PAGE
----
Batman Forever

Batman Forever ★★★

“I always hated those titles like ‘Batman Forever’. That sounds like a tattoo that somebody would get when they’re on drugs or something. Or something some kid would write in the yearbook.”
            — Tim Burton

This is a bit of a Rorschach test in that you see what you want to see in it. The film I’m describing here will probably not come across as the film someone else watched—objectively I know that this is like, very very bad, and many people whose opinions are more credible than mine have said it’s a total stinker. But I think it’s kind of a brilliant stinker, and one that I’m still openly enthusiastic about.
Batman Forever is possibly one of the campiest displays of excess ever put to screen, and one of the most enjoyable. Aside from a few initial CGI faux-pas in the first half hour or so, the film is gorgeous; and I say that with utmost honesty. Bob Ringwood and Ingrid Ferrin design costumes with a sharply clear vision and an intricacy that’s honestly breathtaking, no matter how brightly camp they are. It all comes together to create the sense of a mishmash, technicolour stage production that was somehow thrust onto the big screen, an accidental jackpot of charm and idiosyncrasy. 
The staple areas of the city are created and destroyed in a devilishly unique way, with every set piece going out in a slow motion crumble and a flurry of blinding sparks. Barbara Ling’s production design paints Gotham as rich and claustrophobic; successfully combining gothic architecture with neoclassical imagery and striking, soft-lit neons. The only way I can think to describe it is to say it’s a sort of beta-vapourware kind of style, if that aesthetic movement took itself less seriously and harkened back to the 60s instead of the 80s. It plays with the idea of a place that speaks to both the past and the future, like the Roman statues looming over the electric city as a constant reminder of a bygone pre-industrial age. Similarly, Riddler’s space-age holographic technology is constantly at odds with his tiny apartment filled with archaic machinery and riddles shrouded in card and glue. The whole film grapples with the idea of paradox or duality, and it exists in nearly all of the major player characters: Two-Face for obvious reasons, Bruce coexisting with Batman, Chase’s struggle with reason and desire, Dick’s dual wish for revenge and justice. I mean, none of these ever get developed in any concrete way but hey, the sentiment was there I guess.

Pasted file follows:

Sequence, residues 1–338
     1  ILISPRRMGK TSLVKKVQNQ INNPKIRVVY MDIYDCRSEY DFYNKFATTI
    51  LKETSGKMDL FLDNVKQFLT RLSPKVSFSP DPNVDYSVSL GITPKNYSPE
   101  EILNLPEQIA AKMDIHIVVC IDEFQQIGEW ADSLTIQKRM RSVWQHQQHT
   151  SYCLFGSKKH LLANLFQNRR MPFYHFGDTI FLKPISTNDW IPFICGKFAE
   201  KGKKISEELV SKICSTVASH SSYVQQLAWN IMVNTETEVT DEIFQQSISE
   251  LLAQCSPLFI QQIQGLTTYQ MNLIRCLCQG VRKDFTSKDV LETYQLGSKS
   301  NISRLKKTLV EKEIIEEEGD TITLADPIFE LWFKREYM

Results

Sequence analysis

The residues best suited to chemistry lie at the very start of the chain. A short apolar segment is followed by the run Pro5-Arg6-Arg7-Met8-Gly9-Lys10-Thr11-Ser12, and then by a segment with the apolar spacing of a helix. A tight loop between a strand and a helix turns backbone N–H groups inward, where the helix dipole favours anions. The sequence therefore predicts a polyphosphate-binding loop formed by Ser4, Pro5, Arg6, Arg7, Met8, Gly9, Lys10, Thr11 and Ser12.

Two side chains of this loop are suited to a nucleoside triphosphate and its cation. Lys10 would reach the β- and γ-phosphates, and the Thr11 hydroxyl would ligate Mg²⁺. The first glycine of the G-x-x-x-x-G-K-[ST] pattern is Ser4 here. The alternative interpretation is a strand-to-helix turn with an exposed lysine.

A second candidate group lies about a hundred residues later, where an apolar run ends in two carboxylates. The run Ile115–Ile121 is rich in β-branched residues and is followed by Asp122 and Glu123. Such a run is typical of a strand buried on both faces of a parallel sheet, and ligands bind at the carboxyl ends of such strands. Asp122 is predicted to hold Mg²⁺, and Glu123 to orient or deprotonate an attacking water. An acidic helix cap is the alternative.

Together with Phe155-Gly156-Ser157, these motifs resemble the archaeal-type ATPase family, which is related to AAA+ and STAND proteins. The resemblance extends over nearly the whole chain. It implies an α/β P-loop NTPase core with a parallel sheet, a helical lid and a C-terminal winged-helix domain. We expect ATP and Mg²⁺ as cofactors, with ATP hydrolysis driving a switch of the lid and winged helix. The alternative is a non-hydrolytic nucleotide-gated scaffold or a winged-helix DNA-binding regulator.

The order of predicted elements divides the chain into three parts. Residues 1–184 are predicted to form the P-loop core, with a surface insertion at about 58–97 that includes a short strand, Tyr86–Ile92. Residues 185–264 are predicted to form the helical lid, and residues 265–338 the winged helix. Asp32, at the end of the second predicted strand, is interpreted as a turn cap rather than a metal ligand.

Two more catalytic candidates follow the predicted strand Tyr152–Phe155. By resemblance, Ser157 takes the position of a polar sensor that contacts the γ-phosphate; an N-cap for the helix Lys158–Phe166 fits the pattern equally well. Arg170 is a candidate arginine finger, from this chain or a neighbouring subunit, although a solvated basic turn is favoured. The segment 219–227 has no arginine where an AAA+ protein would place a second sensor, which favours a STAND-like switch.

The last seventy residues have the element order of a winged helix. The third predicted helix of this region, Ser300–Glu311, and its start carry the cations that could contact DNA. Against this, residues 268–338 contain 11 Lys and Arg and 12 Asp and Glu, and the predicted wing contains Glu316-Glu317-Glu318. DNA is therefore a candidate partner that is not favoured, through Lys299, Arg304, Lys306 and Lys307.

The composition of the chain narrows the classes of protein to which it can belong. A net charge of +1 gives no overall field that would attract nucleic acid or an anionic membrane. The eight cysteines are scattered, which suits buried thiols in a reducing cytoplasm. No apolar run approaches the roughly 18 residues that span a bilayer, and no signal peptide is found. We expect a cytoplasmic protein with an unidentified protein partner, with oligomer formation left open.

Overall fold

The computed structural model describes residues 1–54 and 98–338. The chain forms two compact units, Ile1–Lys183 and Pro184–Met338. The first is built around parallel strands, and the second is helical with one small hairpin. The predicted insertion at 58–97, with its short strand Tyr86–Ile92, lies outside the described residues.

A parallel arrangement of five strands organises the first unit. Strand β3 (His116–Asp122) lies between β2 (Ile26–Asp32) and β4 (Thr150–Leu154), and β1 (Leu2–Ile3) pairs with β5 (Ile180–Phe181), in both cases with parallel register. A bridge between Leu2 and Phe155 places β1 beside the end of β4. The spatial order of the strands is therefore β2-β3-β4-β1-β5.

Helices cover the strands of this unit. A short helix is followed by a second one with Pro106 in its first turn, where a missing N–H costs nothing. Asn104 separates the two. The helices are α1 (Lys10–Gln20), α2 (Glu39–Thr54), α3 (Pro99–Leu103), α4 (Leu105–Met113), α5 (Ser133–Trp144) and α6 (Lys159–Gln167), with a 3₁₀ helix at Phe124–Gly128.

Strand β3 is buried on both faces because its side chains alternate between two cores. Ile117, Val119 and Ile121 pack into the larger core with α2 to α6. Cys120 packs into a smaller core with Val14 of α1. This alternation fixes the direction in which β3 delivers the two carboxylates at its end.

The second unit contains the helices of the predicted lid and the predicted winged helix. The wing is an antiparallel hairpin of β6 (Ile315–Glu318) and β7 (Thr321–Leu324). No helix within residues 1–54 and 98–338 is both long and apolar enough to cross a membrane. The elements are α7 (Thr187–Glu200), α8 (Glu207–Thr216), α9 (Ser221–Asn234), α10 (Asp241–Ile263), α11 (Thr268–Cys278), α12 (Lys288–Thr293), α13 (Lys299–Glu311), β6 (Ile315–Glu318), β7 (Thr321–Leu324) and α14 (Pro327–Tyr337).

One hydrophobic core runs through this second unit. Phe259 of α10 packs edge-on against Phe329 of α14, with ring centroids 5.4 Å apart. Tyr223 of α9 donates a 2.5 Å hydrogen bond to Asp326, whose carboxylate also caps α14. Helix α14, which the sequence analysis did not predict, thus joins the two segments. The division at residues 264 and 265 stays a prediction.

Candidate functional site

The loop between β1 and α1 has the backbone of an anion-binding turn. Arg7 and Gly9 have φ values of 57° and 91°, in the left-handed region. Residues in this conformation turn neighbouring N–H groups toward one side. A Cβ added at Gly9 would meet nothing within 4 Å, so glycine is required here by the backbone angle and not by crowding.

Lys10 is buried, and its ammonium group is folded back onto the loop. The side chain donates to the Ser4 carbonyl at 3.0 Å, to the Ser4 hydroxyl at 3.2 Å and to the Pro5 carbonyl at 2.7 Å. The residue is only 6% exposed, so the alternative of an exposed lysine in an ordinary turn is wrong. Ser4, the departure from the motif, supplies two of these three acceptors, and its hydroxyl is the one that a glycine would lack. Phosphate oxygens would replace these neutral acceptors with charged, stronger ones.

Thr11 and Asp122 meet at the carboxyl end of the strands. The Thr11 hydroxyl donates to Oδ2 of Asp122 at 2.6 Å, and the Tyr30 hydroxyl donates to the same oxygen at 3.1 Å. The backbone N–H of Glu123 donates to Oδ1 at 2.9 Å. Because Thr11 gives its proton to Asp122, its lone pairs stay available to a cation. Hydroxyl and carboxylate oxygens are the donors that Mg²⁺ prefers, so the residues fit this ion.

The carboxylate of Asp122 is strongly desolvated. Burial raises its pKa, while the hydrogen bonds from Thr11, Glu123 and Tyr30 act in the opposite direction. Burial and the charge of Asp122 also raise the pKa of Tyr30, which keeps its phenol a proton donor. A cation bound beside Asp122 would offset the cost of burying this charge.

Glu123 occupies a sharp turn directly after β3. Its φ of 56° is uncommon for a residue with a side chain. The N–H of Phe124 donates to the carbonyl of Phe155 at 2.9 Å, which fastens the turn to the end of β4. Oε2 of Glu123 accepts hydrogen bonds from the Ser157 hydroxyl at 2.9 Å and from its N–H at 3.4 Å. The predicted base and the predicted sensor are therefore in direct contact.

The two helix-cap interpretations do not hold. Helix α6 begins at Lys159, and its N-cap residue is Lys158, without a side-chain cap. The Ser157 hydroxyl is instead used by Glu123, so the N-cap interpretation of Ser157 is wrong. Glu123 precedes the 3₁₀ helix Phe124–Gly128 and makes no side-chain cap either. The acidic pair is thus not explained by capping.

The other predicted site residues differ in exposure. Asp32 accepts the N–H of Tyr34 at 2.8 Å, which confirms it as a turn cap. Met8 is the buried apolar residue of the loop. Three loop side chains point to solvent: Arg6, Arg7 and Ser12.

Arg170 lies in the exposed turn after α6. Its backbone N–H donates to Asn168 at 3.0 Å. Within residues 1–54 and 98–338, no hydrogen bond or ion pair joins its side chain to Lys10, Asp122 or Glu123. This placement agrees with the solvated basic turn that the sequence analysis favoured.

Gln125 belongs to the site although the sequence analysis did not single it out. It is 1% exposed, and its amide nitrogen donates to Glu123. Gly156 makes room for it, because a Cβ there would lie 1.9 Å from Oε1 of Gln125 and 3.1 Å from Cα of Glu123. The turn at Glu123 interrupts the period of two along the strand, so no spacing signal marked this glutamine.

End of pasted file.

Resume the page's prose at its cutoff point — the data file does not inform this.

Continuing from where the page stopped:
This pretty cerebral sentiment knits together the entirely goofy script, which is kind of like saying there’s a solid gold foundation holding up a house made out of mud. The thing is, the goofy dialogue and laughable story arcs are really, really fun. I never end up caring that the storyline is full of conveniences and doesn’t make any sense, because I’m too busy having such a good goddamn time. 
Because of this, the film itself is a stumbling paradox: with its attempt cheesy humour becoming wildly nonsensical and the more serious aspects of the film becoming so laden with tropes that it speaks more to the satirical than the emotional. The weird thing is that this doesn’t massively sink it, and it works spectacularly well as an openly bizarre romp that seeks to obliterate classic comic book stereotypes by exposing how stupid they are. And yeah, that sounds pretentious and douchey, but I’m still trying to justify just how much I enjoy this every time I watch it. 

Also, the amount of trivia that has stuck around in my brain about this film is shocking. Tommy Lee Jones and Jim Carrey try to out act each other in every scene they’re in because Jones apparently hated Carrey and reportedly said, to his face, that he couldn’t “sanction [his] buffoonery.” Val Kilmer didn’t talk to the director for two weeks because he told him to stop acting childish and treating other cast members rudely. There’s a shot of one of the extras fully falling down the stairs that they just kept in for some reason. This will all haunt me forever. It’ll haunt me Batman Forever.